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State Police To Provide Patrol Services In East Pittsburgh

Keith Srakocic
Vehicles are parked along Grandview Avenue on Wednesday, June 20, 2018, in the neighborhood where witnesses say a police officer fatally shot a 17-year-old boy just seconds after he fled from a traffic stop confrontation late Tuesday in East Pittsburgh.

The community of East Pittsburgh will disband its police department, with the Pennsylvania state police providing services instead starting this weekend. The borough's police department has been widely criticized since officer Michael Rosfeld fatally shot unarmed teenager Antwon Rose this summer.

A state police spokeswoman confirmed that East Pittsburgh had sent a letter on Nov. 13 requesting patrol services. The town's council had renewed long running discussions of disbanding the now five-person department in August, shortly after Rosfeld fatally shot 17-year-old Rose in the back as he fled a June traffic stop. The officer has been charged with criminal homicide in the shooting.

East Pittsburgh officials didn't immediately return messages for comment Monday, but state police said they will take over policing starting on Saturday.

State police are obligated under law to provide policing services when a municipality does not have a police department. Agency spokesman Ryan Tarkowski said the state covers the cost at no additional charge to local governments. (In the past, Governor Tom Wolf unsuccessfully proposed a $25 per-person fee for residents covered by state police.)

Tarkowski said, however, that state troopers do not enforce local ordinances, given the difficulty of training to learn different laws across many jurisdictions. And he added that municipalities often sacrifice quicker response times when they turn to state police.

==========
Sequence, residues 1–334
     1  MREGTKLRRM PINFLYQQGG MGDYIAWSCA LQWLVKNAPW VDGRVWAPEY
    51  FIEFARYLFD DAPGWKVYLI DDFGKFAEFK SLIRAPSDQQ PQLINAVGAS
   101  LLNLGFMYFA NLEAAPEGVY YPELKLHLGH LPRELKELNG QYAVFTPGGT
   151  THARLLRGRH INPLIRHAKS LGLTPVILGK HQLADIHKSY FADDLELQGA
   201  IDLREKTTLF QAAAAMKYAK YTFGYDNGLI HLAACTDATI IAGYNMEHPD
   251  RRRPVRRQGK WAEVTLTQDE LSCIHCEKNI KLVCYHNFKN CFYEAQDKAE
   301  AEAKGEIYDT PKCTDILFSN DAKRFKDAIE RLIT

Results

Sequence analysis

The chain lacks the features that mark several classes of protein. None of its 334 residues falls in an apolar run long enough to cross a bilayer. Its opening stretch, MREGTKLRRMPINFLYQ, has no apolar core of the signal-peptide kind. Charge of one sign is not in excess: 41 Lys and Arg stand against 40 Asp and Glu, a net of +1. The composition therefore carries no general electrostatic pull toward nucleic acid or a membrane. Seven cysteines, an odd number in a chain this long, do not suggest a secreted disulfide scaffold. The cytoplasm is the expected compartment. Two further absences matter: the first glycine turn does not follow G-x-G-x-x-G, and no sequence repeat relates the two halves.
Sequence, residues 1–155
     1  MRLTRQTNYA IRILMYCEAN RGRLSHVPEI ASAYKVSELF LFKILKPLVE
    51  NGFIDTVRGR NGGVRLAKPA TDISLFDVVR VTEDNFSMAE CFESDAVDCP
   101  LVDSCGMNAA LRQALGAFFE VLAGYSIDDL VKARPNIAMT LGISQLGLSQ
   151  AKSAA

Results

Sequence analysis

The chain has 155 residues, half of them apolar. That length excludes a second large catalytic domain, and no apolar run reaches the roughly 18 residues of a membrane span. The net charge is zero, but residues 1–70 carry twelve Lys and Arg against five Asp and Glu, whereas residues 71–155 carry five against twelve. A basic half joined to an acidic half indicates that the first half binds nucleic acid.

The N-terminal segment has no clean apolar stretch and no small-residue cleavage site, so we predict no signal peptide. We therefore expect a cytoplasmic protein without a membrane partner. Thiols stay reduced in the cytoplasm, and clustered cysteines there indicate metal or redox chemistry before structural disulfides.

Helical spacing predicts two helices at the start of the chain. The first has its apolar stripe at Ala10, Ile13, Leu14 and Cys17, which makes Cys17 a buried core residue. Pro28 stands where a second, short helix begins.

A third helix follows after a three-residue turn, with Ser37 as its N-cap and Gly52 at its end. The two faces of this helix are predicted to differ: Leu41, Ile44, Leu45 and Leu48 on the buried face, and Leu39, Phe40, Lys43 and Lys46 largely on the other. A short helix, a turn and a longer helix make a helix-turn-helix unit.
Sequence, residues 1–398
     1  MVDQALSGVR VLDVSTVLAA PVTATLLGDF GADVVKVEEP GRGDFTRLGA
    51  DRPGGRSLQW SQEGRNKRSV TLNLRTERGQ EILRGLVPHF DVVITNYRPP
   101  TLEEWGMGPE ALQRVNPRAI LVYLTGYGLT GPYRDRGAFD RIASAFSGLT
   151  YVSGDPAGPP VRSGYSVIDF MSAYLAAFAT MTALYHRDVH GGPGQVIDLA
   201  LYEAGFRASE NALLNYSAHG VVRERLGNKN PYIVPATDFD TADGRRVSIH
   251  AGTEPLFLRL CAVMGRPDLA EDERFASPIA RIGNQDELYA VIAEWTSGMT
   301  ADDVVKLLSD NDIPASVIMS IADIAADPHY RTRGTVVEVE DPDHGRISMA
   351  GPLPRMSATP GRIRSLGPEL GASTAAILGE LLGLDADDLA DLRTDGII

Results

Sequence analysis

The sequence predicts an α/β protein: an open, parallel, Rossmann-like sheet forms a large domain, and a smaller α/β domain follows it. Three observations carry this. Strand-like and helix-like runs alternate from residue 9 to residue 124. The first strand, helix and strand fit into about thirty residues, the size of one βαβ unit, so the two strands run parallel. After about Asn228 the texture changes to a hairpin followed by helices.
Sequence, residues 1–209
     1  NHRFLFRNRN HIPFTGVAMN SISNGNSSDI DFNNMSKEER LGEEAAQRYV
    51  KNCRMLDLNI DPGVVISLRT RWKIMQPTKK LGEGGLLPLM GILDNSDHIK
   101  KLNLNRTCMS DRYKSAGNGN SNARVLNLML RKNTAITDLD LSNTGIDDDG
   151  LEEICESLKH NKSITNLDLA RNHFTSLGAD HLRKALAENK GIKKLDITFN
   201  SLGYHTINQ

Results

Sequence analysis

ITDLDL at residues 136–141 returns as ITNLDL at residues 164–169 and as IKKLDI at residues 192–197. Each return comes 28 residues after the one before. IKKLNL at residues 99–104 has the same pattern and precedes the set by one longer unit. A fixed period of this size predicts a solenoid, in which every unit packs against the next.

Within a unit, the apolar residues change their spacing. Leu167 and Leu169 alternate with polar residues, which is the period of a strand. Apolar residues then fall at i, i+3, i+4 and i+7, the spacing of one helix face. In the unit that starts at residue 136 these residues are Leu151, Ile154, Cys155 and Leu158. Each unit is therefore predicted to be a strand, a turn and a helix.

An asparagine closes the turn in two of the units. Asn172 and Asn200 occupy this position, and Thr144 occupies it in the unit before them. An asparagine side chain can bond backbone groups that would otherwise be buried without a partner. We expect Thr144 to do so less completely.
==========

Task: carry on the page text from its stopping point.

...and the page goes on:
“I think that’s one of the big questions that communities struggle with when making the decision of whether or not to opt for state police coverage,” Tarkowski said. “The state police simply, in most cases, are not going to have that response time as a local department would, where their only responsibility is that community.”

Tarkowski said the state police have mitigated this issue by equipping each of their vehicles with “mobile offices” where troopers can complete reports, access records, and communicate with supervisors, without needing to return to a station.

State troopers would represent several changes from East Pittsburgh’s existing five-member force of part-time officers.

The East Pittsburgh police department drew criticism for lacking hiring and training policies. By contrast, Tarkowski said, the state police mandate extensive training to prevent bias-based policing. Rose was black, while the officer accused of fatally shooting him, Rosfeld, is white.

Nearly 7 percent of enlisted Pennsylvania state troopers are non-white, according to state police data. East Pittsburgh is over 60 percent non-white, according to the U.S. Census Bureau.

All state patrol vehicles, Tarkowski added, are equipped with cameras. He said the force launched a pilot in June to test body cameras in three of its sixteen troops. Tarkowski said the pilot will end this year, though he noted it will be difficult to fund the devices for the Commonwealth’s more than 4,000 troopers.

About half of Pennsylvania municipalities rely on state police services, with nearly 1,300 receiving full-time coverage and more than 400 receiving part-time coverage.

It’s most common for small and rural communities to request state coverage, according to Tarkowski. In Allegheny County, state police data show, Glenfield and Haysville Boroughs receive full-time service, while Fawn Township receives part-time service.